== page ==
Get widget

Thursday, September 2, 2010

Quit It

The smoking Indonesian baby made famous by an internet video gone viral has kicked the habit, according to CBS news.  The report then asks, "but will it last?"

I don't think it will.  Once back home, I doubt the parents of two-year-old Aldi Suganda will be able to withstand the epic string of tantrums I'm assuming he's about to commence.  I know I can hardly keep it together when my children want something as simple and non-addictive as a spoon.  I've learned quickly that I have less than five seconds to hear them request something, process their often illogical request, understand the baby-English they're speaking, and retrieve the item before the crying starts.  (I assume, of course, that these situations will lessen as they continue to grow, and I continue to emphasize that bashing one's head into the kitchen cabinet is an inappropriate response to "no, you can't eat that sponge.")  I can only imagine how an additive substance will exacerbate the situation.

On first glance, many might assume that the child will never smoke again.  Being two years old, after all, severely limits access to cigarettes.  Being two years old, in fact, could be tantamount to being in rehab - adults go to rehab to cleanse themselves of harmful toxins and allow their physical addiction to peter out, and the success of rehabilitation facilities are based on the inaccessibility of the sources of addiction.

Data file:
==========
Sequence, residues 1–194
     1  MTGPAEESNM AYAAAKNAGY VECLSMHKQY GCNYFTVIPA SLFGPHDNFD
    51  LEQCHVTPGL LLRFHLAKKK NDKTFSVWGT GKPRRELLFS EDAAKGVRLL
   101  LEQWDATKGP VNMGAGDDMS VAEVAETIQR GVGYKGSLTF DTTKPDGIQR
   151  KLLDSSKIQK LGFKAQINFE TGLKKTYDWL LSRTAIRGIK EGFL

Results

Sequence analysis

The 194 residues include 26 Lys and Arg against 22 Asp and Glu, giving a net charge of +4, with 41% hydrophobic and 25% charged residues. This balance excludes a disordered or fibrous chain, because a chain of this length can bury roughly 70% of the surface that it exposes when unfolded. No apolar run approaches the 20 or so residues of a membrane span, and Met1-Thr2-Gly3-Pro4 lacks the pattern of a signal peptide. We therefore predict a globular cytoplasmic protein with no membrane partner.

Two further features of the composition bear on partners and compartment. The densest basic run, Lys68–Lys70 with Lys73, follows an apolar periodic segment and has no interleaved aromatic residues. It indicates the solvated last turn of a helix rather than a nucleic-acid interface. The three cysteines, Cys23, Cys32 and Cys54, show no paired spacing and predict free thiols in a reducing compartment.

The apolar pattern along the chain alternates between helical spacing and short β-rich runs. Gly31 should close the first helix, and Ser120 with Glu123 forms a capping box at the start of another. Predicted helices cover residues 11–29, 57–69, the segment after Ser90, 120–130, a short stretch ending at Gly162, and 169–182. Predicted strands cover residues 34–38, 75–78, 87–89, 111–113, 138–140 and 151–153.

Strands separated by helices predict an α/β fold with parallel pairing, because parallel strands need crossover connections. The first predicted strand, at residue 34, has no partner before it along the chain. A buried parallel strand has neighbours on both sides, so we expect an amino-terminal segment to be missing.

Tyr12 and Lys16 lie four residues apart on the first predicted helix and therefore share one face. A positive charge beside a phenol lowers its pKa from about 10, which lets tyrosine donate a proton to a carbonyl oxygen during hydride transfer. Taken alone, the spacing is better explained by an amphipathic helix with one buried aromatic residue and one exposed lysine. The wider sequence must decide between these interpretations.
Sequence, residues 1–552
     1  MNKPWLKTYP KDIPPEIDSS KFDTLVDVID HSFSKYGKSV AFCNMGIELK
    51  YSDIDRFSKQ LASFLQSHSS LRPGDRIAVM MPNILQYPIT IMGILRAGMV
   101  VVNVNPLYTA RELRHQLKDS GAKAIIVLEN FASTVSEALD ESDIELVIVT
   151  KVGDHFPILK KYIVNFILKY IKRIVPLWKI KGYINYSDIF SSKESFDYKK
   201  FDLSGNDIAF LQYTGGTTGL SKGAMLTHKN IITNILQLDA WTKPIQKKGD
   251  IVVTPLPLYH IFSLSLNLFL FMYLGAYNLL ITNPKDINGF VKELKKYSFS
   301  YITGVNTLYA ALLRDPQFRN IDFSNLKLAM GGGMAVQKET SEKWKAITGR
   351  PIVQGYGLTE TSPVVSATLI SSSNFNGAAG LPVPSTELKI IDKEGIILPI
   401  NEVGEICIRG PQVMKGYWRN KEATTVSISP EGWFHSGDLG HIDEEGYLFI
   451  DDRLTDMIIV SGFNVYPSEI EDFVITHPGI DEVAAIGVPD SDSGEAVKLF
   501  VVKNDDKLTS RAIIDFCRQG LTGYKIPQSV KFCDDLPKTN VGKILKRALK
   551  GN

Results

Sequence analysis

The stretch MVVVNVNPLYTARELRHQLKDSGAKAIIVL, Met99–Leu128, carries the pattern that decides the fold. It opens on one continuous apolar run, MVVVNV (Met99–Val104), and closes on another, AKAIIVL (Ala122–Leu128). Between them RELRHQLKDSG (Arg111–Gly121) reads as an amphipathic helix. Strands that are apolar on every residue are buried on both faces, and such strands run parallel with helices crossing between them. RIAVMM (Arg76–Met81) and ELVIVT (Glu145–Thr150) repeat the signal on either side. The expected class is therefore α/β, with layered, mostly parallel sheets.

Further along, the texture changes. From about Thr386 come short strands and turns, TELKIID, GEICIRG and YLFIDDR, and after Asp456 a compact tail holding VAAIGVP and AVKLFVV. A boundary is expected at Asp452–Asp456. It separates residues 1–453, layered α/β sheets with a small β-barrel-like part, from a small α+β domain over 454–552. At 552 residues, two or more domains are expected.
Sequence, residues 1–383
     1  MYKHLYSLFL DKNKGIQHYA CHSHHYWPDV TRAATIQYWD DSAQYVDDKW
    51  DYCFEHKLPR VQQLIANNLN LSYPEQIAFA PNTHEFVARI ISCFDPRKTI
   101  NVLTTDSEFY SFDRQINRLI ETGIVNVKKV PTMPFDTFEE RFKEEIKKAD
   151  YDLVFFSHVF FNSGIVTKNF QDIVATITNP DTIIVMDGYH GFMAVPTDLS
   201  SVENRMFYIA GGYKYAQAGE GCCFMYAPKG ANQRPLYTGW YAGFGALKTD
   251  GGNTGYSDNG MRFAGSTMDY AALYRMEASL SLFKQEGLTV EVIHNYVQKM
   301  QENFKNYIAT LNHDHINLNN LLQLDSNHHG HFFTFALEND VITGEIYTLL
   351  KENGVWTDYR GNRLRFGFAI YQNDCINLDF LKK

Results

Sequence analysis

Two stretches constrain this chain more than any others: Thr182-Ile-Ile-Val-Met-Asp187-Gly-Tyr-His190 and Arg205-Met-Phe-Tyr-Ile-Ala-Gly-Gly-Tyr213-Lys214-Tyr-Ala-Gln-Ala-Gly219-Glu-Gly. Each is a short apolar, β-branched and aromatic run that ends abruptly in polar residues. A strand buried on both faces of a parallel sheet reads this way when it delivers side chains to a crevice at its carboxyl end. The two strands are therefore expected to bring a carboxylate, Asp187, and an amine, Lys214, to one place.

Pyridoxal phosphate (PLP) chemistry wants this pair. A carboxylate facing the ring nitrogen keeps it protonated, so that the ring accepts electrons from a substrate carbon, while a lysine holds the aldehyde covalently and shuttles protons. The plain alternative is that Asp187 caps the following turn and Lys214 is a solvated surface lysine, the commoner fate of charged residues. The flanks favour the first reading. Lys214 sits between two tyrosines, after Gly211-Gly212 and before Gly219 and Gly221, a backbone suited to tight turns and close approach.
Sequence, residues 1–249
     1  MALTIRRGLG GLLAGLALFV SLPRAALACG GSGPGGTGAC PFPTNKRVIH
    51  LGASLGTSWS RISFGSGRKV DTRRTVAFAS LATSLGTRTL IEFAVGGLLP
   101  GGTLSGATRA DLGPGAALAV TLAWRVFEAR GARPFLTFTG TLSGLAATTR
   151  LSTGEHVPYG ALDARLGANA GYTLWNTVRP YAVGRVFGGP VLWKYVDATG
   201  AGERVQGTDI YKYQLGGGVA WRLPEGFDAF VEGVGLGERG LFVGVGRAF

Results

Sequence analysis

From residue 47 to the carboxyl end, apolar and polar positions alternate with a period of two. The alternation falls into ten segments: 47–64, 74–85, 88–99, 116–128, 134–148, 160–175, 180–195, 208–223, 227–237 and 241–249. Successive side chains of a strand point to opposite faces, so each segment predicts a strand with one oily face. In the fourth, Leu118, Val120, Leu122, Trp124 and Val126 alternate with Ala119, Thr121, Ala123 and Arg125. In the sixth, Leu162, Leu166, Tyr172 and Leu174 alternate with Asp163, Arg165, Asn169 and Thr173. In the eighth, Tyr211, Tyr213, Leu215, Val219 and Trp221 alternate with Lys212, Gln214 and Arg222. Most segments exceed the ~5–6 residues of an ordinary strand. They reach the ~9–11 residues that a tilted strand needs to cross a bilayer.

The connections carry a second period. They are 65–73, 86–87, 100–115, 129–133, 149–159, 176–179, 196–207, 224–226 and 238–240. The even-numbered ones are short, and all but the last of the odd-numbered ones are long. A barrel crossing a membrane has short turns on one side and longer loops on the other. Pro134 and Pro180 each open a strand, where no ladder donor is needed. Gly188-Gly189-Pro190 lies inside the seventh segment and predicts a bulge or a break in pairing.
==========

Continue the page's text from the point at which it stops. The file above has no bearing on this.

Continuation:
Another aspect of rehab clinics is professional monitoring.  While Aldi was there, professionals could make sure he did not harm himself.  Being forced to give up something as addictive as two packs of cigarettes a day could turn any adult into a cranky and angry mess.  Add to that a definite lack of understanding as to why one can no longer smoke, a lack of desire to quit, and an age where the wrong kind of grape for a snack can send you spiralling into the depths of inconsolation, and you've got a recipe for disaster.

The child's parents aren't trained for the intensity of distress this will cause in their lives, and - new car or not - with the lackadaisical laws and rules applied to smoking and cigarettes in Indonesia, it may prove to be too much for them to bear.

Will Aldi's parents be able to stand stonily by as he thrashes himself around, bites, throws objects and maybe even hurts himself in an attempt to show them what he wants, or will it just be easier to hand him a cigarette if it will stop the screaming, the crying, the self-abuse?  No one likes to see their baby in pain.  In the height of the situation, will his parents be able to see that the cigarette is even more harmful than his toddler behavior?  I hope so, but I can also see them easily giving in.

Video of Aldi smoking

(You'll notice I haven't touched at all on the fact that the child was smoking in the first place.  I've yet to read an article that covered that to my satisfaction, and I refuse to speculate on it.  My visceral reaction is too strong and negative for me to make any sort of statement on it without more facts to shore me up.)

CBS Article

No comments:

Post a Comment


Related Posts Plugin for WordPress, Blogger...